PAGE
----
altReality: Good board members govern.

There is certainly a germ of truth in the give-get-or-get-off dictum that so many boards live by: Nonprofits do require funding, and governing does require nonprofit board members to think about funding. But all too often, this germ of truth mutates into a giant, fast-growing myth that ends up choking good governance to death.

What could be wrong with a board that lives by the give-get-or-get-off rule? First, board members with lots of money or access to people with lots of money are not necessarily capable of asking hard questions, confronting difficult challenges, or enriching the board’s diversity of perspectives—all of which are essential to good governing.

Second, just as it’s easy to mistake enormous personal wealth for evidence of an individual’s talent or industry, it’s easy to mistake successful fundraising for evidence of a nonprofit’s social impact. More than anyone else, board members should be steeled against this confusion, and committed to digging for meaningful evidence of impact.

Third, a board hustling donations may be too busy (or complacent) to tackle the strategic aspects of fundraising. It’s easy to stop asking: How much money are we spending on fundraising? Do we need a more diverse funding base? Are the many strings attached to funds from foundations, individual donors, and government grants or contracts actually taking us away from our mission? In short, fundraising is not governing. To the contrary, governing requires wariness of fundraising.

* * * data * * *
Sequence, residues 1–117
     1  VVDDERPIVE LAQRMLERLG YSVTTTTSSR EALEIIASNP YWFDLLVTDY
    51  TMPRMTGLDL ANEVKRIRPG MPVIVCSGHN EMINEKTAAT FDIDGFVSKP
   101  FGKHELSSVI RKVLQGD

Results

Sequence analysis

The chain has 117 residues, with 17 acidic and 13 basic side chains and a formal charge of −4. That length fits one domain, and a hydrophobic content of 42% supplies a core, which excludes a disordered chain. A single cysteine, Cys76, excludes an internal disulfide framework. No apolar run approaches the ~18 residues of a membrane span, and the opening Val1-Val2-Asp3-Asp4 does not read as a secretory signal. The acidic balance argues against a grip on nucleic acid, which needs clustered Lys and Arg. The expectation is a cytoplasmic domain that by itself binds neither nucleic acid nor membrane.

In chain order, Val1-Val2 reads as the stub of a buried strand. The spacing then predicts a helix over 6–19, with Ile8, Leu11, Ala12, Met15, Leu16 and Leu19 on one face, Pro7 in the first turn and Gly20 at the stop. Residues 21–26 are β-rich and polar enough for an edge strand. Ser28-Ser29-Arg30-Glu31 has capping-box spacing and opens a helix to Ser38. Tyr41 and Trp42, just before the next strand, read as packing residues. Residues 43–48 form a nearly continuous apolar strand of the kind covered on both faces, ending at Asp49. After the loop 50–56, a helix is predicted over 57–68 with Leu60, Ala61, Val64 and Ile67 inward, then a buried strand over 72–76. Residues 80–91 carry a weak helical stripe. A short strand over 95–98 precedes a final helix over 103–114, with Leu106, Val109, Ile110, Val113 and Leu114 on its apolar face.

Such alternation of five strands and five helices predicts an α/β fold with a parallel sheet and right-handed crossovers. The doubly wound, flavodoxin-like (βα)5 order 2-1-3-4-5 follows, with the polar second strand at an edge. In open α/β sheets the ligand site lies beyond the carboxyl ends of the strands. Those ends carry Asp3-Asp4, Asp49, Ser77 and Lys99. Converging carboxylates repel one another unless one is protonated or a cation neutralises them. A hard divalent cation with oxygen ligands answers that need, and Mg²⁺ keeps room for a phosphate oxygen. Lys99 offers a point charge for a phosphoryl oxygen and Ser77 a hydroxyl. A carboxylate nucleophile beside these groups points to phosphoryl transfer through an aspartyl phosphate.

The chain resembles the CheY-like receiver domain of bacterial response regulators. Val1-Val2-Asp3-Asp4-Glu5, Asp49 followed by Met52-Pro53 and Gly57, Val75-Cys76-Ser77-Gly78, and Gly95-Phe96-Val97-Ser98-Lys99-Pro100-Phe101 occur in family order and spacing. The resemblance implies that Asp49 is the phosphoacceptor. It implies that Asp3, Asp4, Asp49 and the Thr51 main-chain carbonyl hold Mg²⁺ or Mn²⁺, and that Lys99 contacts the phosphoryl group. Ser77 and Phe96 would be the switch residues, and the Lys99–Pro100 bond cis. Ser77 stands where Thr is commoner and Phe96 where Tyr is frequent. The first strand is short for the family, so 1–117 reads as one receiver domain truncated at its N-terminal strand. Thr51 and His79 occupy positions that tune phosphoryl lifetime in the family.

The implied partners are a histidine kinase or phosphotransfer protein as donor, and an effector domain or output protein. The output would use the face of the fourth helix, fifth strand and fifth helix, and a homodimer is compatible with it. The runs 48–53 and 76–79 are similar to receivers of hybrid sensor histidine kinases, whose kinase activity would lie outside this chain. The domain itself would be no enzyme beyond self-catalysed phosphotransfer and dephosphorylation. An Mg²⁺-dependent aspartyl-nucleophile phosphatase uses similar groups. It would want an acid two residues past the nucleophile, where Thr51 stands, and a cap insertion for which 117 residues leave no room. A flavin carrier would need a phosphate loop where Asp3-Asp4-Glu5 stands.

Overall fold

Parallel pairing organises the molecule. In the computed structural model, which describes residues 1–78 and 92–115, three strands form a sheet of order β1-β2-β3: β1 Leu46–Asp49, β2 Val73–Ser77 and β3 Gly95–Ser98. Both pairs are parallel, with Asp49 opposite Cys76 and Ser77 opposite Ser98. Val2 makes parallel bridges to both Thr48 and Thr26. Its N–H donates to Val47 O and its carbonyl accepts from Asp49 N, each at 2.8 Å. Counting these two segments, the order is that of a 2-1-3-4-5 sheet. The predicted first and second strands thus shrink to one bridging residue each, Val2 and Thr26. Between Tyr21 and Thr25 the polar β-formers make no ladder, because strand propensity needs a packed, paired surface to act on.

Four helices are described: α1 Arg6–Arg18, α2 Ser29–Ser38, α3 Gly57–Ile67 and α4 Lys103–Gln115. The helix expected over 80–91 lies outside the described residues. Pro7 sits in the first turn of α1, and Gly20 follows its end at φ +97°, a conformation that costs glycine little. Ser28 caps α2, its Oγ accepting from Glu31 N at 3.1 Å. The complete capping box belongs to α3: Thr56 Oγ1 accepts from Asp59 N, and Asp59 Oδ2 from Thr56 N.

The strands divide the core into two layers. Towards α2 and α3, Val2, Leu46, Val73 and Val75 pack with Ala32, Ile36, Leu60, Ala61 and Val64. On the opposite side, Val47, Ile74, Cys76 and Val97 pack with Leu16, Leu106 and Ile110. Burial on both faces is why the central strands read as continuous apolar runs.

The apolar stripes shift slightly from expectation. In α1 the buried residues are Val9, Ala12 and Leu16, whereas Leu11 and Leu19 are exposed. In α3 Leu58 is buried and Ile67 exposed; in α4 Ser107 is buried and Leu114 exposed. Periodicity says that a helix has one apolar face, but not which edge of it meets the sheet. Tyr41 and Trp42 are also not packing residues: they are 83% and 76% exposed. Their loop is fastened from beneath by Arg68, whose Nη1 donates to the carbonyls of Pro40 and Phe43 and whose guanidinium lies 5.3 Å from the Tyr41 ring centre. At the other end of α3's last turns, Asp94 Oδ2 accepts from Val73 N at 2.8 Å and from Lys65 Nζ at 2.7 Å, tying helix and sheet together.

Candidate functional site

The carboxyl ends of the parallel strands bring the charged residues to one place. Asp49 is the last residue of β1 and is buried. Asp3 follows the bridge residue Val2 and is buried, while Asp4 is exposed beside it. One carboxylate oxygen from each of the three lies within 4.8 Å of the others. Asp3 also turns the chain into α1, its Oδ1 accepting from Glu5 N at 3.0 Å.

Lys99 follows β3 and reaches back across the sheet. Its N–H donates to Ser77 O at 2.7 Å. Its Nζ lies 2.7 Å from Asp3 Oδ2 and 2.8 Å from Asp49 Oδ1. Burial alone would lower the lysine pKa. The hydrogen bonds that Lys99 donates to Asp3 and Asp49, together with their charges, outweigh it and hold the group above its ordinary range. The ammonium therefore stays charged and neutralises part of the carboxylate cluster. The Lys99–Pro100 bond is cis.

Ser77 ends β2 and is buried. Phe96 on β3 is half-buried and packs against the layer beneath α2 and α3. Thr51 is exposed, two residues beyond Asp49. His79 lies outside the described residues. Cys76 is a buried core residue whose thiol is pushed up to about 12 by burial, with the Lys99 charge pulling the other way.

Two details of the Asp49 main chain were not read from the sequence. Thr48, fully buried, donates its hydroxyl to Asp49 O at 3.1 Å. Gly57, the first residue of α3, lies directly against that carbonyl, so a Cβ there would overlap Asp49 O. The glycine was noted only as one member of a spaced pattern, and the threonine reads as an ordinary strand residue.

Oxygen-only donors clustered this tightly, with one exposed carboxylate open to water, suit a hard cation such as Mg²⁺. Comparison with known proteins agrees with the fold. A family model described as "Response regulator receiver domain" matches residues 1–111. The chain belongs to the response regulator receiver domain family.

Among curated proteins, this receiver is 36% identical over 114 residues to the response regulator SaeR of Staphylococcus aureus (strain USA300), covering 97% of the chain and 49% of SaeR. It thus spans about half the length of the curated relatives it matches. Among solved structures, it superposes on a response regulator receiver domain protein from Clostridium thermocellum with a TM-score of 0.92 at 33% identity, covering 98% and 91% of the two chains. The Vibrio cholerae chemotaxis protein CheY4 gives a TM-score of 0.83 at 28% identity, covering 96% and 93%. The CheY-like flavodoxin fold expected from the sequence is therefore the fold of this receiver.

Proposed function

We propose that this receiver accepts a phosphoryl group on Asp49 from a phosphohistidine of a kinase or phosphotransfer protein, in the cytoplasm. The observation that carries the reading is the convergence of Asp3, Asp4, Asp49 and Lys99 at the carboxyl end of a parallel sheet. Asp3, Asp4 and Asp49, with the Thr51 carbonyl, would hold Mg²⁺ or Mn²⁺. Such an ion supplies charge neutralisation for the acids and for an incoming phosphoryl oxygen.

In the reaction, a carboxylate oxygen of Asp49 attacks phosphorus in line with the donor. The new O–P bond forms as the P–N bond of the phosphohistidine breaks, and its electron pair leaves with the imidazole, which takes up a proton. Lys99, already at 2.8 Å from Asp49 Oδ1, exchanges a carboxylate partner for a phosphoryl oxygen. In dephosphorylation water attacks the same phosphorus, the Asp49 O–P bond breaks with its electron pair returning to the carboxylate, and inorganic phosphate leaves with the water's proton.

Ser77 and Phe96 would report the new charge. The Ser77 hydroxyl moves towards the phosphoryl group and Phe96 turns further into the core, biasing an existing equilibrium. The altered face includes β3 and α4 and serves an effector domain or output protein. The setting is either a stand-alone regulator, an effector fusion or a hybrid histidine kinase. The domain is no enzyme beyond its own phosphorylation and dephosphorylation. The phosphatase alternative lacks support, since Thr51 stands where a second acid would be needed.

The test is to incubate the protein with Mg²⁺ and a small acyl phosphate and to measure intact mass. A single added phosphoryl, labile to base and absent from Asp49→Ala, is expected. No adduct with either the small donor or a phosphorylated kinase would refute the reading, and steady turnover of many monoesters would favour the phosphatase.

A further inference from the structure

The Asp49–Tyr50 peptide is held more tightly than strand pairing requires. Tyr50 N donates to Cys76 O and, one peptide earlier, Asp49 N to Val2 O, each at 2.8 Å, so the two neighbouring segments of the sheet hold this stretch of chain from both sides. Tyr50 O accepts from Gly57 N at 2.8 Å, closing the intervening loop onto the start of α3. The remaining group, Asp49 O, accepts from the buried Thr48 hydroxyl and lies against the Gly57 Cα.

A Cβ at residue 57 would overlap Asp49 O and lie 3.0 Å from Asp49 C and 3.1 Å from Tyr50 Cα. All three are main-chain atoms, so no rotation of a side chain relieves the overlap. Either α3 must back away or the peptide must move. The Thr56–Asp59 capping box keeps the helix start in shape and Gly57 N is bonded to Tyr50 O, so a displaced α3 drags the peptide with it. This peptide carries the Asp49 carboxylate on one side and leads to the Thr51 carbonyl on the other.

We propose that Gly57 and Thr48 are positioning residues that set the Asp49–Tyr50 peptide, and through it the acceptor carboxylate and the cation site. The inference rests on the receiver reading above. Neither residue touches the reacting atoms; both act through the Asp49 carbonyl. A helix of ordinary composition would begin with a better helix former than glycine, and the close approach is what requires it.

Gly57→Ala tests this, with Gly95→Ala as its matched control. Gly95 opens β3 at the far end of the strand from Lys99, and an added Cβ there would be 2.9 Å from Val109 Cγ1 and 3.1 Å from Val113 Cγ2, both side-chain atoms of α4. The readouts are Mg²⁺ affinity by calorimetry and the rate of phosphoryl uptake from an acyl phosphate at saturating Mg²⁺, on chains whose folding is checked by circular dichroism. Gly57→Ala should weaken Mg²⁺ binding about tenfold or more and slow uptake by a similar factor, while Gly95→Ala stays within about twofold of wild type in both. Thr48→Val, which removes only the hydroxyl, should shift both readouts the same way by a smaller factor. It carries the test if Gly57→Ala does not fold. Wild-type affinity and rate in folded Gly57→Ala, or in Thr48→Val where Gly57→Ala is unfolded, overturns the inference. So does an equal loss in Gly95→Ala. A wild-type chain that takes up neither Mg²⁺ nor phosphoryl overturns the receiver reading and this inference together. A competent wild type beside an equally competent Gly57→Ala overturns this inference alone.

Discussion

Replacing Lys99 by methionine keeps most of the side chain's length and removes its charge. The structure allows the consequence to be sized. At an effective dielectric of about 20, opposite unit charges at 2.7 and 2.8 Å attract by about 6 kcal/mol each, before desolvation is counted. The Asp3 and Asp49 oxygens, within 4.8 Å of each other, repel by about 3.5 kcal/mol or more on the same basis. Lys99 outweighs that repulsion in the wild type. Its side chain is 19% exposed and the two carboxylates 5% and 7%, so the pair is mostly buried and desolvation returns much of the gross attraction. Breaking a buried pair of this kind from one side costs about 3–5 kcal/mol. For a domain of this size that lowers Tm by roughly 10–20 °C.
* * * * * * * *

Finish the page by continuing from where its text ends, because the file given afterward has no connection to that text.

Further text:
None of this is to suggest an abstinence-only approach to a board’s involvement in fundraising. Plenty of boards can keep their eye on the big strategic questions facing the organization and provide vigilant fiduciary oversight while also giving or getting. In fact, fundraising can be a healthy sign of board members’ commitment to the organization and its mission, and make them more vested in its success. But to be both fundraisers and governors, boards need to reject the tyranny of the give-get-or-get-off rule. For example, in recruiting new board members, they should look at all of the asset s a prospective member brings to the organization, not just or even primarily at fundraising ability. Similarly, in allocating the board’s time, they should be careful to note whether work on fundraising was marginalizing important governing work. And in assessing their effectiveness, boards should never mistake a good fundraising track record as an indicator of good governance.

Of course, a reflective board might consciously opt to sever the connection between governing and fundraising entirely. (For an example, see “Separating Governance from Fundraising: The Story of Center Against Spouse Abuse,” in NPQ’s Fall 2003 edition.) But whatever thei r choice, it should be a choice—a decision arrived at after careful deliberation. Deciding whether and how to give or get—not just giving or getting—is real governance.

Bill P. Ryan is co-author, with Richard P. Chait and Barbara E. Taylor,
of Governance as Leadership: Reframing the Work of Nonprofit Boards (John
Wiley & Sons, 2004).